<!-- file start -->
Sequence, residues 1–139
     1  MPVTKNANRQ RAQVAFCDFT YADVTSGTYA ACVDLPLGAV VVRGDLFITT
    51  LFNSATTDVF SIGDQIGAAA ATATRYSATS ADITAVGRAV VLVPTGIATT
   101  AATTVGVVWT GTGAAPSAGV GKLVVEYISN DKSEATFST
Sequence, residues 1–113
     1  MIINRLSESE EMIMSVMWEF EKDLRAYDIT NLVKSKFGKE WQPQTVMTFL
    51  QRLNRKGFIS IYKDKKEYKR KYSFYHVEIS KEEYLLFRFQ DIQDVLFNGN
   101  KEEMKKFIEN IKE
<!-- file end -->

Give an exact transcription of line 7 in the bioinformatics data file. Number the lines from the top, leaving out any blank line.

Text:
    51  QRLNRKGFIS IYKDKKEYKR KYSFYHVEIS KEEYLLFRFQ DIQDVLFNGN